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Acta Neurol Scand. 2017 Nov;136(5):427-433. doi: 10.1111/ane.12742. Epub 2017 Feb 28.

Population-based incidence and clinical characteristics of idiopathic intracranial hypertension.

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Department of Clinical Neuroscience, Karolinska Institutet and Department of Neurology, Karolinska University Hospital, Stockholm, Sweden.
Department of Medicine, Centre for Pharmacoepidemiology, Karolinska Institutet, Stockholm, Sweden.



To validate the diagnosis of idiopathic intracranial hypertension (IIH) from the Swedish National Patient Register (NPR) and investigate the incidence of IIH, as well as co-morbidities and medication use in a large Swedish population-based sample.


We searched the NPR to find all patients ≥18 years old with the ICD-10 diagnosis code (G93.2) for IIH in Stockholm County from Jan 1, 2006, to Dec 31, 2013. All medical records were reviewed to validate the diagnosis and to collect additional information.


We included 207 patients with an IIH diagnosis, of which 135 (65%) were correctly diagnosed when validated by charts review. Eighty-three patients had disease onset during the study period. This gave a yearly incidence of 0.65/100 000. Female-to-male ratio was 6.1:1. Females, mean age 31.0 (CI 28.8-33.1), were younger at time of diagnosis compared to males, mean age 42.9 (CI 36.4-49.5), P<.001. The most common co-morbidities were obesity (92%), hormonal conditions (21%) and recent infections preceding the diagnosis (21%). Prior treatment with tetracycline derivatives were seen in 9%.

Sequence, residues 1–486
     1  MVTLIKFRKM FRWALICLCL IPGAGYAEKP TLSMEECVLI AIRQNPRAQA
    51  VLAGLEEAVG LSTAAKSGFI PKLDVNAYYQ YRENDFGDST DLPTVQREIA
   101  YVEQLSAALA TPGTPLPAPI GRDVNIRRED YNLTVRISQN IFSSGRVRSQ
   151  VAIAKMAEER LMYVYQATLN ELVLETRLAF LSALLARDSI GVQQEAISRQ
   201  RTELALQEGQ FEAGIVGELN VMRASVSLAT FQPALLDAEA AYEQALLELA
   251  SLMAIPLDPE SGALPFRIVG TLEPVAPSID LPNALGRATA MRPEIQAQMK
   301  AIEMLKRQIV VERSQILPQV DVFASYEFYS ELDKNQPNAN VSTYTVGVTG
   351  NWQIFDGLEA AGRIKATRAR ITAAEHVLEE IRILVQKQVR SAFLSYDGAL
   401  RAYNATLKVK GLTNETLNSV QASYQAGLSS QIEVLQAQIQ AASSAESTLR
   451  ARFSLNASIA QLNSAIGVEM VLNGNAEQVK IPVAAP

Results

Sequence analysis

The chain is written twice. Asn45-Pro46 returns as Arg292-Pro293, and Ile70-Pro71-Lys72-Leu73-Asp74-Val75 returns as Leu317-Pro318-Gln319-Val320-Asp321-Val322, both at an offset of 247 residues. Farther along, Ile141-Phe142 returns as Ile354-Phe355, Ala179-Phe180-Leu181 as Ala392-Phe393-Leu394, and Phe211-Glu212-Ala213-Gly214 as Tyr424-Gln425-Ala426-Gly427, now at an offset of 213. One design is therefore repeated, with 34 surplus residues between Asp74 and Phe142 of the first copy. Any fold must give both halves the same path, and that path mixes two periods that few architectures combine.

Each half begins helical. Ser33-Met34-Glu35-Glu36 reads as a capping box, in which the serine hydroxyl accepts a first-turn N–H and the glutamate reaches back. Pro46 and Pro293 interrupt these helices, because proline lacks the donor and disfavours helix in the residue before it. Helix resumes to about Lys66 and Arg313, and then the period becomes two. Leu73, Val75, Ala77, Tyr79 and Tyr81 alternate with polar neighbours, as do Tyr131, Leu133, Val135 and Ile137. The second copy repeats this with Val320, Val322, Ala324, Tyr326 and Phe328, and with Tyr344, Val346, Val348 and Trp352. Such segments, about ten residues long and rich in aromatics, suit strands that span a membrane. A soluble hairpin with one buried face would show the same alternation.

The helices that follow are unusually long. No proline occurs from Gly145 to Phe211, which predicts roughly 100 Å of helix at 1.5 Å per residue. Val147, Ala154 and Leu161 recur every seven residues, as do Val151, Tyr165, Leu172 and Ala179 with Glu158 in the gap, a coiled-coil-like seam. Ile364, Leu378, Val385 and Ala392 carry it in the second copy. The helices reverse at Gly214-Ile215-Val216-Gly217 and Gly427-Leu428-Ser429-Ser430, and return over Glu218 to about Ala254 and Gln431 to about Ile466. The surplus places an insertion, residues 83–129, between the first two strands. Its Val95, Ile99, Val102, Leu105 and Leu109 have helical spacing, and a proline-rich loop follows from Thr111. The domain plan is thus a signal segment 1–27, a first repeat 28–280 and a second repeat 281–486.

The incidence of IIH in Stockholm is in the lower range of previously reported rates, possibly due to a lower prevalence of obesity. A substantial proportion of patients (35%) did not fulfill diagnostic criteria. Disease onset occurs at younger age in females. Co-morbidities were mainly associated with diseases affecting hormonal balance or causing inflammatory activation. These findings raise new hypothetical theories regarding mechanisms involved in IIH pathogenesis.


co-morbidities; epidemiology; idiopathic intracranial hypertension; incidence; pseudotumor cerebri; risk factors

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